Rather than rushing prospects into roles they weren’t ready for or adding players that couldn’t crack the lineup for their previous clubs, the team added veterans who had been solid contributors and key cogs in everyday lineups in 2011. Michael Cuddyer adds needed power in right field, and will do wonders for the quality of pitches Tulowitzki gets to hit if he bats out of the fifth spot in the order (he’s currently slated 6th, but expect that to change if Helton struggles at all). Marco Scutaro fills a void at second base that has been glaring since 2006, the last time the players at that position combined to hit above Scutaro’s career average. At 36 Scutaro may not be a long term solution, but his last three seasons have been his best offensively, and his defensive range is rivaled only by Clint Barmes among former Rockies second basemen. At catcher, the team signed veteran Ramon Hernandez to start and mentor the young Wilin Rosario while finally dumping the enigmatic Ianetta after four straight underachieving campaigns. Hernandez adds a career average over 30 points higher than Ianetta’s, and has hit .289 his previous two seasons in Cincinnati. So while Dexter Fowler still has much to prove in his 2012 campaign, there’s plenty of reason to believe the Rockies lineup will be far superior to the 2011 model.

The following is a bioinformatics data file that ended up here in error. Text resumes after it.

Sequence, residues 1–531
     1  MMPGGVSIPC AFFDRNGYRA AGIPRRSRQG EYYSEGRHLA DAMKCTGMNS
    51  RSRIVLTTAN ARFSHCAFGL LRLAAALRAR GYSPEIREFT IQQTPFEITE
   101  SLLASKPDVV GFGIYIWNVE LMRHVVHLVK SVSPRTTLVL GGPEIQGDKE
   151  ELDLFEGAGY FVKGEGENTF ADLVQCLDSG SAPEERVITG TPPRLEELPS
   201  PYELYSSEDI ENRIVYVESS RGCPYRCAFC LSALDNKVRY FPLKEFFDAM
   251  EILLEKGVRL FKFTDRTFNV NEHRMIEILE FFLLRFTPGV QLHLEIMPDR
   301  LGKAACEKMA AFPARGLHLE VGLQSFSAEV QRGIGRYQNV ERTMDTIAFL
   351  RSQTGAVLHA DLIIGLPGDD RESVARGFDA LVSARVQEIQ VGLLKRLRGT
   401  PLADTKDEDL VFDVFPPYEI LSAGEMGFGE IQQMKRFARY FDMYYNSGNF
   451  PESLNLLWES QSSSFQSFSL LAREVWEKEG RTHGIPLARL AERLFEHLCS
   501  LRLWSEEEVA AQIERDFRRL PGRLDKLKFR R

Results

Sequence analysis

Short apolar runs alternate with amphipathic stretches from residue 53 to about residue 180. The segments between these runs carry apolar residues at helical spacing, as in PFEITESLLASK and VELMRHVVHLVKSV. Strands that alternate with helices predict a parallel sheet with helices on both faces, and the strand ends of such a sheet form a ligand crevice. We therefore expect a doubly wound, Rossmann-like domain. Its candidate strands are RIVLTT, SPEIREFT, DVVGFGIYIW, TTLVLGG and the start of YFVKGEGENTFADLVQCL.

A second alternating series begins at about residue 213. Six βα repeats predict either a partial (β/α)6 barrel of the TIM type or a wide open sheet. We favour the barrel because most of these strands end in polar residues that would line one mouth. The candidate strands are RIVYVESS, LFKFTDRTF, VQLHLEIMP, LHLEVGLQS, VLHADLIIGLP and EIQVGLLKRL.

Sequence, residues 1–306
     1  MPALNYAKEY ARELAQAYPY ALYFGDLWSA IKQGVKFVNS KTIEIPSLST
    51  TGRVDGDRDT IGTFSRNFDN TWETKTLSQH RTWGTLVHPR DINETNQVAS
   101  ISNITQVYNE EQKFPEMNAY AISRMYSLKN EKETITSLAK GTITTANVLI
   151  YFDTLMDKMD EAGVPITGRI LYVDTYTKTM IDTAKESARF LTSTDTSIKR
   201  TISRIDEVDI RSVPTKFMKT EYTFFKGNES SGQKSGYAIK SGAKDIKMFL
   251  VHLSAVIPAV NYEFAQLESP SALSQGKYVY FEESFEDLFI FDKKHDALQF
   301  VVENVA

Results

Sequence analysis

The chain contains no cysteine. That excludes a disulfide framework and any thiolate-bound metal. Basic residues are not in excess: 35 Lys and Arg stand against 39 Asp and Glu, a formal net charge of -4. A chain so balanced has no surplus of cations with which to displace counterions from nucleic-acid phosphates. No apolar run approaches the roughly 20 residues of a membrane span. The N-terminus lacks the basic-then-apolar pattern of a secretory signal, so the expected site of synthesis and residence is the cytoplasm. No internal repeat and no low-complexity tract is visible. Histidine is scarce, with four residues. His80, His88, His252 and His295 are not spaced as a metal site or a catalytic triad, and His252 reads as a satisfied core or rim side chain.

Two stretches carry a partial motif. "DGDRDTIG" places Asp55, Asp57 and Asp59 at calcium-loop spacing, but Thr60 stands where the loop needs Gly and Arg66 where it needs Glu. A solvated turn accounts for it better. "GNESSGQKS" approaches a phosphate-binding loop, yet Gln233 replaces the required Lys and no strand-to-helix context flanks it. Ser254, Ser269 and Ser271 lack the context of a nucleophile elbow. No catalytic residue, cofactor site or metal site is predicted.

Untested, Not Poor
The biggest farce going right now is the idea that Colorado has no pitching, or that their staff is bad. The truth is that the Rockies’ management has no idea how their pitching staff will perform…. And neither do you or I. Here’s what we know for sure: Jeremy Guthrie is likely to throw 200 innings this season (seeing as he has the past three seasons), and Jhoulys Chacin is coming off a rookie year in which he posted one of the five best ERAs in Coors Field history. Everything else is unknown.